Thursday of Week 2 of Lent – Gospel

Commentary on Luke 16:19-31

In today’s Gospel, we have illustrated in parable form, two of Luke’s beatitudes:

Blessed are you who are hungry now, for you will be filled.


…woe to you who are rich, for you have received your consolation.

The linkage with the First Reading is obvious.

On the one hand, you have a rich man dressed in purple and fine linen, both signs of great wealth. He also has a good table and enjoys the choicest of foods every day. While the rich man is sometimes called Dives, this is simply the Latin word for ‘rich’. In reality, the rich man is nameless. In spite of all his money, he is a nobody.

At the same time you have a poor man called Lazarus. He was hungry and longed, like the dogs, to pick up the scraps that might fall from the dining table. The dogs even licked his sores. Dogs were abhorrent to Jews, so this was a particularly degrading thing to happen.

What is striking about this scene is that nothing seems to be happening. The rich man is eating, the poor man is sitting and waiting. There are no words between them. The poor man is not abused or chased away, he is simply ignored – as if he did not exist.

Truly I tell you, just as you did it to one of the least of these brothers and sisters of mine, you did it to me. (Matt 25:40)

Then both men die. Lazarus is brought by angels to the bosom of Abraham. But the rich man is condemned to an existence of great suffering in Hades, the place of the dead. The rich man now begs for even the slightest relief from the man he ignored in his lifetime. But it is now too late.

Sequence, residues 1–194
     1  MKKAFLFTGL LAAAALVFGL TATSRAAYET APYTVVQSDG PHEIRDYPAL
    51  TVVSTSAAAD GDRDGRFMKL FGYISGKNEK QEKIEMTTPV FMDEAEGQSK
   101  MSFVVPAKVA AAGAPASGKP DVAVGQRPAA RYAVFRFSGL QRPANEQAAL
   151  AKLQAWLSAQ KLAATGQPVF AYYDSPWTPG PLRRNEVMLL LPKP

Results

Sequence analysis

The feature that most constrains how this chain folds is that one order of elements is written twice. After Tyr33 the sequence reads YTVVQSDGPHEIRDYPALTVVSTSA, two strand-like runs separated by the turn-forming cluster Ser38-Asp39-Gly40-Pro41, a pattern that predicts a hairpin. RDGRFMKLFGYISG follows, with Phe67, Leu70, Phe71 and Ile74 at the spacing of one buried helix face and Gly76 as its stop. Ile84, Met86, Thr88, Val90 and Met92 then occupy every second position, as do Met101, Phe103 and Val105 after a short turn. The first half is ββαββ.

The rich man had his chance and he blew it. He had his life of ‘good things’ and he now knows just how ‘good’ they really were. It is now Lazarus’ turn to have the really good thing, the companionship of his God.

The rich man begs on behalf of his brothers that they be warned. Abraham replies to him:

They have Moses and the prophets [i.e. the whole Jewish religious tradition]; they should listen to them.

The rich man responds:

…but if someone from the dead goes to them, they will repent.

To which Abraham replies:

If they do not listen to Moses and the prophets, neither will they be convinced even if someone rises from the dead.

Surely a reference to Jesus himself, and to the many Jews who refused to believe in him even after his resurrection. There are people today who want some special signs from God in order to believe. We have the Good News of the New Testament and the living, experienced presence of Jesus among us. We do not need any more. We have all the guidance we need to lead the kind of life which will ensure we spend our future existence in the company of Lazarus.

And that life is measured not by wealth, status or power, but in a life of caring and sharing relationships. In a world of extreme consumerism, hedonism and individualism, today’s readings have a very important message. Those who are truly rich are those who enrich the lives of others.

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